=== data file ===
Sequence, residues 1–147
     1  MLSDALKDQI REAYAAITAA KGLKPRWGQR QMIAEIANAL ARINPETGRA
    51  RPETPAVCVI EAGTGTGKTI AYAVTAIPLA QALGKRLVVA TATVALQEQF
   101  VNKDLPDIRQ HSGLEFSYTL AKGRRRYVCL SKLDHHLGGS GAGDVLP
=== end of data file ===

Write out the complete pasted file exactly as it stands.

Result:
Sequence, residues 1–147
     1  MLSDALKDQI REAYAAITAA KGLKPRWGQR QMIAEIANAL ARINPETGRA
    51  RPETPAVCVI EAGTGTGKTI AYAVTAIPLA QALGKRLVVA TATVALQEQF
   101  VNKDLPDIRQ HSGLEFSYTL AKGRRRYVCL SKLDHHLGGS GAGDVLP